a, Broad-scale PCA (differing from Fig. 2a by projecting all present-day Cameroon populations; again using 593,124 Human Origins SNPs). Groups shown in blue were projected onto axes computed using the other populations. HG, hunter-gatherers. The grouping marked W-Cent. HG consists of Aka and Cameroon hunter-gatherers (Baka, Bakola and Bedzan). The majority of the present-day Cameroon individuals fall in a tight cluster near other West Africans and Bantu-speakers. b, Relative allele sharing (mean ± s.e.m., multiplied by 10,000, computed on 538,133 SNPs, as in Fig. 3b) with the Shum Laka individuals versus East Africans (f4(X, Yoruba; Shum Laka, Somali); x axis) and versus Aka (f4(X, Yoruba; Shum Laka, Aka); y axis) for present-day populations from Cameroon (blue points) and southern and eastern Bantu-speakers (Herero in red and Chewa in orange). The Mada and Fulani share more alleles with the Shum Laka individuals than they do with the Aka, but this is probably a secondary consequence of admixture from East or North African sources (as reflected in greater allele sharing with Somali individuals) (Supplementary Information section 3). Bars show one s.e.m. in each direction.
Of the approximately 1,200,000 targeted SNPs, 932,000 are used for fitting (that is, are covered by all populations in the model). Branch lengths (in units of squared allele frequency divergence) are rounded to the nearest integer. All f-statistics relating the populations are predicted to within 2.3 standard errors of their observed values.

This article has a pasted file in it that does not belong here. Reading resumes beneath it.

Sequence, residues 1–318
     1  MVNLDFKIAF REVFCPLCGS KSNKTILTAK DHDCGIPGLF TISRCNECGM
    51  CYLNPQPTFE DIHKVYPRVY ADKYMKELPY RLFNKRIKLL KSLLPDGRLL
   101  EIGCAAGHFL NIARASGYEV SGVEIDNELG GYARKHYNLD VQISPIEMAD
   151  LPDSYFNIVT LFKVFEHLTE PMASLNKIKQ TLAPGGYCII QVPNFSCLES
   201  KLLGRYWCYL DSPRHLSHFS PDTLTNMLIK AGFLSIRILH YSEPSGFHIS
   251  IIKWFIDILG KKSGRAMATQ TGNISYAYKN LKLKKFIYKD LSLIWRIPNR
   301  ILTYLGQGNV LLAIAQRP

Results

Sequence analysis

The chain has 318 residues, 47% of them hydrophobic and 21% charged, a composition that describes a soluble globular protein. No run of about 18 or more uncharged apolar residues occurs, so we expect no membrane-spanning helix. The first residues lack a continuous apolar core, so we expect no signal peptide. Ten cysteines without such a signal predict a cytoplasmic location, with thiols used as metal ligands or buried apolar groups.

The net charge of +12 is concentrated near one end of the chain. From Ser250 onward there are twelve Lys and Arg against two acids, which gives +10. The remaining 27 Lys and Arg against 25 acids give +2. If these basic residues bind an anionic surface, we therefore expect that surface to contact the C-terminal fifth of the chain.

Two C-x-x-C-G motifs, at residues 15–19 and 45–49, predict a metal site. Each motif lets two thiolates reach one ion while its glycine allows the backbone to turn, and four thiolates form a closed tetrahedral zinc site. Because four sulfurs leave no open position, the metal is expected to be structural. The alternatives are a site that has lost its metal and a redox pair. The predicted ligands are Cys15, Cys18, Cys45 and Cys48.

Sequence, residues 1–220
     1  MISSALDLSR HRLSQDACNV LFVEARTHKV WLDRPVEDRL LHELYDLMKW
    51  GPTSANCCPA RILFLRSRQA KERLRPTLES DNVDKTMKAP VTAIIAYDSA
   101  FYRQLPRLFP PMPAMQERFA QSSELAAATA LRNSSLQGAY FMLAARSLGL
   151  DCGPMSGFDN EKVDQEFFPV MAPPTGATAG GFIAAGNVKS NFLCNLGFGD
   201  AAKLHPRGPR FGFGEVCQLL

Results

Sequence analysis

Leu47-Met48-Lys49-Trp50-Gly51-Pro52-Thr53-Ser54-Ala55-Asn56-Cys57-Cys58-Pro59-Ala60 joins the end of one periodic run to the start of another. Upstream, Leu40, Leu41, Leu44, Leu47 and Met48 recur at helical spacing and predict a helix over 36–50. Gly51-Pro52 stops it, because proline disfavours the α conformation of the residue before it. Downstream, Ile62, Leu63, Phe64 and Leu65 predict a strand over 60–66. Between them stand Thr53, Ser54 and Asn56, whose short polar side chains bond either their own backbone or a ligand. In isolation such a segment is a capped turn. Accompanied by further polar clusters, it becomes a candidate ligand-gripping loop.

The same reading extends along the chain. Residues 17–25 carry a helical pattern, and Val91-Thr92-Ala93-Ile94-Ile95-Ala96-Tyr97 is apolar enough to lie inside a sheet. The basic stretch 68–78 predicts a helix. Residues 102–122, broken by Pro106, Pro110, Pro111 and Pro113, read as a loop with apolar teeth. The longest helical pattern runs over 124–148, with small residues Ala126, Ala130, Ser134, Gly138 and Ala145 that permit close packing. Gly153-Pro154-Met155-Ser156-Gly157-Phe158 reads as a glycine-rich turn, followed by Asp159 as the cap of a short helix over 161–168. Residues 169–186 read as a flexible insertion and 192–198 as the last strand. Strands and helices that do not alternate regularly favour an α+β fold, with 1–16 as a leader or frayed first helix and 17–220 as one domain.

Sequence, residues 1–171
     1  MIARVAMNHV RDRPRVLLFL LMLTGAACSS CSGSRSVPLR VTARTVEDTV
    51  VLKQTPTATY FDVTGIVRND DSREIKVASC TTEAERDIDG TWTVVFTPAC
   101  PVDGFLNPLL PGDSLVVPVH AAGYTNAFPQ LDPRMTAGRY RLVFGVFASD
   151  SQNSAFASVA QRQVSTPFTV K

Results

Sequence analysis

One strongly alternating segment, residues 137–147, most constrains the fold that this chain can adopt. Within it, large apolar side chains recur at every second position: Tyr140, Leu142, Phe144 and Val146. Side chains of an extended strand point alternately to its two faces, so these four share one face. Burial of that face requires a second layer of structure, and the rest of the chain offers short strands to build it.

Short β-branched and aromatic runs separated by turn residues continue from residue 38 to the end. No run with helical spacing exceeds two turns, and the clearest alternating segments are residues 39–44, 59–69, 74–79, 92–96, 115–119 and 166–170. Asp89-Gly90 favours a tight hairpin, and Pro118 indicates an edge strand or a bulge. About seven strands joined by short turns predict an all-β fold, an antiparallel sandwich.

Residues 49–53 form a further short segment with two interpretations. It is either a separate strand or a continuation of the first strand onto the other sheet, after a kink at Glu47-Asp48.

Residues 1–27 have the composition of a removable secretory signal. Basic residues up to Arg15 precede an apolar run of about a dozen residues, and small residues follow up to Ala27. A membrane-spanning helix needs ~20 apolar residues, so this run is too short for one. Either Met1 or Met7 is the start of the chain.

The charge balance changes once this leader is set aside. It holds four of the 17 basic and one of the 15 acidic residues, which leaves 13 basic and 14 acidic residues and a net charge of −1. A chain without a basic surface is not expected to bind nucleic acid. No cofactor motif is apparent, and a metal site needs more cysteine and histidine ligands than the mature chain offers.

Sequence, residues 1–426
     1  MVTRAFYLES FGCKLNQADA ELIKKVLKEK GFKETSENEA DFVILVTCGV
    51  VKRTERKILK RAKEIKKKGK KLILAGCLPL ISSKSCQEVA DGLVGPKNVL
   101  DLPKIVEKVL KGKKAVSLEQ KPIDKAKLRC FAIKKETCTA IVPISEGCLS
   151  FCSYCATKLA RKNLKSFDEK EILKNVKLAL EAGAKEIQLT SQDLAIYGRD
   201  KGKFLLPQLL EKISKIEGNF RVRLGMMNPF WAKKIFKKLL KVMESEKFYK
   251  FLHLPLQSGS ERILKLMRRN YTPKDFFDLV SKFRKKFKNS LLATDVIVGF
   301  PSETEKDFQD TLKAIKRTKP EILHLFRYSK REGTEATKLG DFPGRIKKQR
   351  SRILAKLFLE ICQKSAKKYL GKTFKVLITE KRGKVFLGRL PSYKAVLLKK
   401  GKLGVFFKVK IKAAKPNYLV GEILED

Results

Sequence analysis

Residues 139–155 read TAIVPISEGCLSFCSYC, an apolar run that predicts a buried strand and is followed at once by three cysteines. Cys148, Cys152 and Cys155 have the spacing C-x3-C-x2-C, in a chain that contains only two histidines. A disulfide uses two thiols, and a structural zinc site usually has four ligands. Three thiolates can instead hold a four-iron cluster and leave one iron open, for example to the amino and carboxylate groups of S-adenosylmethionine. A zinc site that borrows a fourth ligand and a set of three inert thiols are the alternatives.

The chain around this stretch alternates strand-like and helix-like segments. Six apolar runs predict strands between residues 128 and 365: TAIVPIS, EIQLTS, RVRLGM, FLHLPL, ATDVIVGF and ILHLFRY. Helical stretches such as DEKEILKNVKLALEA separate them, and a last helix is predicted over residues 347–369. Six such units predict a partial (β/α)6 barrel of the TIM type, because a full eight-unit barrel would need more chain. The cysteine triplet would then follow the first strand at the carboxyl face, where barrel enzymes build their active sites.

Results are shown including ancient individuals from Taforalt in Morocco associated with the Iberomaurusian culture, with the Shum Laka individuals modelled as having a mixture of ancestry related to western Central African hunter-gatherers plus two additional components: one from within the main portion of the West African clade, and one that splits at nearly the same point as one of the sources that contributes ancestry to the Taforalt individuals. Branch lengths are not drawn to scale. Points at which multiple lineages are shown diverging simultaneously indicate splits that occur in short succession (the order of which we cannot confidently assess) but are not meant to represent exact multifurcations. *Proportion not well-constrained (for Mbuti, the sum of the two indicated proportions is well-constrained but not the separate values). Supplementary Information section 3 provides the full parameters of the inferred model.